• Influence of land-use change on the aquatic carbon loss from the Rajang River (Moritz Muller, Swinburne University of Technology, Kuching, Malaysia; Aazani Mujahid, UNIMAS, Kuching, Malaysia; Massimo Lupascu; Denise Muller, University of Bremen, Germany; Bradley Eyre, Southern Cross University, Lismore, Australia; Gonzalo Garrasco, NTU, Singapore; Jing Zhang, East China Normal University, Shanghai, China)
  • Surface and subsurface elemental dynamics in threatened mangroves of SE Asia (2015-2017) (Ziegler AD)
  • Reconstruction of palaeoflood histories on mainland rivers (R-109-000-174-646) (2014-2016) (Ziegler AD, RJ Wasson)
  • High-resolution late Quaternary environmental and climate change from south-eastern Australia (Chris Gouramanis; Chris Turney, UNSW; John Tibby, University of Adelaide; Peter Kershaw, Monash University).
  • Sedimentological, geochemical, ground penetrating radar, genomic and geostatistical analysis of recent storm and tsunami deposits along the western Thai coastlines (Chris Gouramanis; Adam Switzer, Federico Lauro, NTU; Kruawan Jankaew, Chulalongkorn Univeristy; Charlie Bristow, Birkbeck College, UCL).
  • Discriminating storm and tsunami deposits using sedimentology, geochemistry, micropalaeontology, ground penetrating radar and geostatistical analyses from south-east India (Chris Gouramanis; Adam Switzer, NTU; Seshachalam Srinivasalu, Anna University; Harry Jol, University of Wisconsin-Eau Claire).
  • Coastal evolution and storm history of central Vietnam (Adam Switzer, NTU; Charlie Bristow, Birkbeck College, UCL; Chris Gouramanis; Barbara Mauz, University of Liverpool; Doan Dinh Lam, VAST).


Human-nature interactions (including ecology and environments)

  • Use of carbon sequestration to finance reforestation of poor farmers’ marginal farmland: A case study of China (Claudio Delang, Hong Kong Baptist University; Lu Xi Xi; with 2 collaborators from China and Germany)
  • Impacts of Landscape Patterns on Urban Ecology and Sustainability (Wang Yi-Chen).
  • Reconciling agricultural expansion and forest conservation in the new Myanmar (01/2016-01/2019) (Webb EL, LR Carrasco, M Rao, AD Ziegler)
  • Ecological Mangrove Restoration surveys at Pulau Ubin (Dan Friess; Germaine Leng, National Parks Board; with members of the RUM Initiative)
  • Australian ostracod ecology, biogeography and geochemistry (Chris Gouramanis; Stuart Halse, Bennelongia Pty. Ltd.; Patrick De Deckker, ANU).
  • Ecosystem functioning in one of the last pristine peat forest of SE Asia (Charles Harvey, MIT, USA; Alex Cobb, SMART-MIT, Singapore; Massimo Lupascu)
  • Peat susceptibility to fires in a non-land use setting in Brunei (Charles Harvey, MIT, USA; Alex Cobb, SMART-MIT, Singapore; Massimo Lupascu)
  • Mitigation of Climate Change through Fire Management in Regional Peatswamp Forests (Catherine Yule, School of Science Tropical Medicine and Biology; Massimo Lupascu)
  • Multidisciplinary Platform, Monash University (Chris Austin, School of Science TMBMP, MUM; Stephanie Evers, Liverpool John Moores University, UK; Thomas Smith, Kings College London; Helena Varkkey, University Malaya; Faizal Parish, Kuala Lumpur; Massimo Lupascu; Claudia Czimczik, University of California, Irvine, USA)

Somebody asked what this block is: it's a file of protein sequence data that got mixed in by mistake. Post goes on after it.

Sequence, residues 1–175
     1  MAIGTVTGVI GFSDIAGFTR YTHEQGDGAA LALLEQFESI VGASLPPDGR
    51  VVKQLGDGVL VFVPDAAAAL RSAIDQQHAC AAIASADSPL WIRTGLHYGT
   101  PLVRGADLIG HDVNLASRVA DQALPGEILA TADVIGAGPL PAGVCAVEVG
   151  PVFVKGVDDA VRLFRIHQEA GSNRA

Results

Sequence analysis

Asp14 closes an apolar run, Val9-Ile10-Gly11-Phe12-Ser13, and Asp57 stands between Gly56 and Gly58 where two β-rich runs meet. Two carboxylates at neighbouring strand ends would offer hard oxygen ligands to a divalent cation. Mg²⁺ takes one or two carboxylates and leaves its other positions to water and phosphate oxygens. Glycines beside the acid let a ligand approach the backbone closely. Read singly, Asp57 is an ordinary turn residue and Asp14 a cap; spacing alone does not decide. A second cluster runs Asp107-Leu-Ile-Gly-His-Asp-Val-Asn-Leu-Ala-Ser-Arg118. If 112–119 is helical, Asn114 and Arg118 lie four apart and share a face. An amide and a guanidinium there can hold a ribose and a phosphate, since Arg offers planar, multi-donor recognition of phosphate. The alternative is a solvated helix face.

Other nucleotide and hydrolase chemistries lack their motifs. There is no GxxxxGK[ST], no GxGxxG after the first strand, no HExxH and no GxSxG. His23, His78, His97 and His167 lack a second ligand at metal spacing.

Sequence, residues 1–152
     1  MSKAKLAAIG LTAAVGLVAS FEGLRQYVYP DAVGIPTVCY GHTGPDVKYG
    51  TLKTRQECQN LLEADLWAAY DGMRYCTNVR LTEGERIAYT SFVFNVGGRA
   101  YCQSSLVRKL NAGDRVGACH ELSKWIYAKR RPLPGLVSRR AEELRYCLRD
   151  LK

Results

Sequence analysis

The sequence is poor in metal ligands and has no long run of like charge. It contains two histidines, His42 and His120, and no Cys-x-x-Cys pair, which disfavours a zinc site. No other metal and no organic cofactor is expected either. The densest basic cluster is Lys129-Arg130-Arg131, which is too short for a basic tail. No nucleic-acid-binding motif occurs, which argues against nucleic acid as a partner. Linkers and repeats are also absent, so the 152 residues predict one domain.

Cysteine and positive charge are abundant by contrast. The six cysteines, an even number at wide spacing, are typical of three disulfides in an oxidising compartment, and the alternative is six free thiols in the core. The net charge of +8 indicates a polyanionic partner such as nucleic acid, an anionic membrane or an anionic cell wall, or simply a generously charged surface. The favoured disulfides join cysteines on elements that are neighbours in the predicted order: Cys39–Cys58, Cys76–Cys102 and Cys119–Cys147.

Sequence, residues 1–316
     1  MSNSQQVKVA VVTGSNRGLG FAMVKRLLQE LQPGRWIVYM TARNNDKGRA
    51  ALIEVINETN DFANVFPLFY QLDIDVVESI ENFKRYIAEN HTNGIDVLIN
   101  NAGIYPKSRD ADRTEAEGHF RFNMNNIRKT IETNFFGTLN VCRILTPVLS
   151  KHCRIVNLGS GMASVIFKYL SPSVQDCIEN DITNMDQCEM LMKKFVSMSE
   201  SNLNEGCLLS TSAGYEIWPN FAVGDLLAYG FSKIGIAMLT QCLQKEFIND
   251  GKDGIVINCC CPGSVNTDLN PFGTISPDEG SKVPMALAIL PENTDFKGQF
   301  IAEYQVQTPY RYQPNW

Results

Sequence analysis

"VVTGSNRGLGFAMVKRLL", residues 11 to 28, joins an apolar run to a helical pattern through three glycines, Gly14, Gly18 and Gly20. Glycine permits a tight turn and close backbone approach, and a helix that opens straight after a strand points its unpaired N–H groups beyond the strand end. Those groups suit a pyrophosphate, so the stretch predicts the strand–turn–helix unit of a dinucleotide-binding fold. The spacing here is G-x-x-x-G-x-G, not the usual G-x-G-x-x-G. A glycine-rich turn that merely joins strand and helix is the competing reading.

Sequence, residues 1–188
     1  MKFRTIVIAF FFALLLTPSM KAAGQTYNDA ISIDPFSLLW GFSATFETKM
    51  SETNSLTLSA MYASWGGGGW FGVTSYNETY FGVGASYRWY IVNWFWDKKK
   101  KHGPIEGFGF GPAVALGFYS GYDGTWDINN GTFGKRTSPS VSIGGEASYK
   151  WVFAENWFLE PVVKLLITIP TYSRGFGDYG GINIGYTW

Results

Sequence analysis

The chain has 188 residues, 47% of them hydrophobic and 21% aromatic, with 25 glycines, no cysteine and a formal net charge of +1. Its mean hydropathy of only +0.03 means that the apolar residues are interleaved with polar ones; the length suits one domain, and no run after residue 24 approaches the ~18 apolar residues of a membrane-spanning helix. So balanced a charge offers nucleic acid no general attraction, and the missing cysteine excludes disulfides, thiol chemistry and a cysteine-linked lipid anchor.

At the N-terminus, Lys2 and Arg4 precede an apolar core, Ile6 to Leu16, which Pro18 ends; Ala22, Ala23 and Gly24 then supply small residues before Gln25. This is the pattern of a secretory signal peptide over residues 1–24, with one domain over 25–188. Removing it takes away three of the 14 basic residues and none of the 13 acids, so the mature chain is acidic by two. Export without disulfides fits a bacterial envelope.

• A Pan-Arctic Synthesis of Carbon Emissions During the Nongrowing Season (Susan Natali, Woods Hole Research Center; Helen Genet, University of Alaska, Fairbanks; Massimo Lupascu; with the NGS Respiration PCN Working Group)


In addition, several researchers in the group also maintain webpages relating to their research programmes or do projects they are currently working on/are interested in developing further (in collaboration with other researchers, including graduate research students and research staff).  The following is a sample of these webpages:



Visiting Professors

Prof Tim Oke, University of British Columbia (Jan to Apr 2002)


Patricia Gober, Arizona State University (2 to 13 Oct 2015)

Prof Gan Thian Yew, University of Alberta, Canada (1 to 22 March 2014)

Prof Padraig Carmody, Trinity College Dublin (8 Sep to 28 Sep 2013)
James Goff, University of New South Wales  (2 Feb to 22 Feb 2013)

Dirk De Boer, University of Saskatchewan (10 Aug to 8 Sep 2012)
David Mark, State University of New York (3 to 15 February, 2012)

Anthony Brazel, Arizona State University (10 Jan to 2 Feb 2011)

Gary Brierley, University of Auckland (19 Nov to 8 Jan 2010)

Daniel Sui, Texas A&M University (25 Feb to 4 Mar 2008)
Per Christer Jansson, Royal Institute of Technology Stockholm (4 Apr to 8 May 2008)




Editorial Board

Lu, Xixi

  1. International Journal of Sediment Research, Associate Editor, (2010- present)
  1. Quaternary International
  2. Hydrological Processes
  3. Earth Surface Processes and Landforms
  4. Singapore Journal of Tropical Geography

Roth, Matthias

  1. International Journal of Climatology, Associate Editor
  1. Urban Climate
  2. Singapore Journal of Tropical Geography

Taylor, David


  1. The Holocene
  2. The Anthropocene
  3. Singapore Journal of Tropical Geography

Graduate Research

Members of TEC are keen to recruit graduate research students who have the potential to be outstanding researchers in their chosen field in the future. For further details, please contact the Chair of TEC (Professor Lu Xi Xi) or one of the academic staff listed below. Please also consult the Department of Geography’s Graduate Studies webpages for further information on studying at NUS and living in Singapore.

Download here information on possible PhD topics in the Tropical Environmental Change research group.